How to Write a Resume

Learn how to write a resume. More specifically, learn what you should include on a resume and what you should not include on a resume. Keep reading to find the answers to the most common resume questions.

For this particular blog entry, I decided to ask my friend Jeffrey Spencer for help. Now a business consultant in Tokyo, Japan with his own firm INTER+SECTIONS, Jeffrey has had a long and colorful career in the corporate world, having held top positions with international corporations and household names such as Barclaycard, JP Morgan Chase, Pepsi Co., CitiBank, and Snapple. In short, Jeffrey has done it all…or at least almost all.

How to Write a Resume

Jeffrey now focuses on sharing the knowledge and expertise he has with others, and works with individuals and companies to build brands and brand awareness. So who better to ask about the do’s and don’ts of resume writing and how to write a resume? Nobody. After all, your resume is your brand. So, learn how to write a resume and build your personal brand. 

I chose some of the most commonly asked resume writing questions and turned to Mr. Spencer for his answers. Here is what he had to say:

Q:  How long should my resume be?

A: One of the great debates of all time.  I could write a page on this, but to keep it concise, keep it to one, or two pages at maximum. The only exception would be, if you’re changing industries and need to include the old and new relevance for  the new industry.  In this case it may be “OK” to have a 3rd page, but these are very rare.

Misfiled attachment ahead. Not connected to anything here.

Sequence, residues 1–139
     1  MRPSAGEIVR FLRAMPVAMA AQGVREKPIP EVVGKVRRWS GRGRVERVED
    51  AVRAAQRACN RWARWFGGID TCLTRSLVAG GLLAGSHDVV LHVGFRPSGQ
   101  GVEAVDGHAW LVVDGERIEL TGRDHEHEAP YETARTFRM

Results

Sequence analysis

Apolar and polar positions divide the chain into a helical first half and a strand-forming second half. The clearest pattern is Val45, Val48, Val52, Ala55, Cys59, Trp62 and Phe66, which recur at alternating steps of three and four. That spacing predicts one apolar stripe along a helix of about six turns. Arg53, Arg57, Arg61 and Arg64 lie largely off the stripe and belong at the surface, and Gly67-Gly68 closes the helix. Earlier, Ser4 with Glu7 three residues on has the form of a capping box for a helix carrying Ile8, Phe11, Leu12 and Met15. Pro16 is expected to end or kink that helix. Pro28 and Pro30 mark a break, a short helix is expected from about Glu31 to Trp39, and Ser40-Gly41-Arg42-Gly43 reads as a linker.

The fact is, there are so many more places to add “stuff” or color to your profile, for example: Linkedin, your personal website, or a blog. Don’t burden your resume with this extra “stuff”.

There are no hard and fast rules dictating how to write a resume, but there are trends.  Over the last couple of years, the trend has been shorter resumes. If you have just graduated or have a few years experience, keep it to one page.  Ten years or more of work experience, two pages are acceptable.  But remember, a recruiter will spend an average of 7-10 seconds on a resume.

What’s more important than the length is the relevance of your resume and experience to the job you’re applying for.

Q: Which resume format should I use – Chronological or Functional?

A: Chronological resumes are the most common and should be used most often. Start with your most recent experience at the top and end with your earliest work experience.

The only caveat here, if most of your recent experience is not relevant to the job you’re applying for, you may lose the recruiter.  However, you could concisely address that in your cover letter.

So, When should you use a functional resume?

  1. Career transition: A career move into a new industry means that it’s more important for you to highlight your relevant, transferable skills than the chronology of your work history.
  2. Employment gaps: A functional resume is a great way to zero in on relevant achievements, which can help deflect some questionable gaps in your work history.
  3. Lack of experience. If you lack enough work history to fill out a chronological resume, then functional is the way to go. For recent grads that are new to the work force, it would be better grouping the skills they learned from relevant volunteer experience, internships, and other extracurricular activities

Q:  Are there any “keywords” or “buzzwords” that I should include on my resume?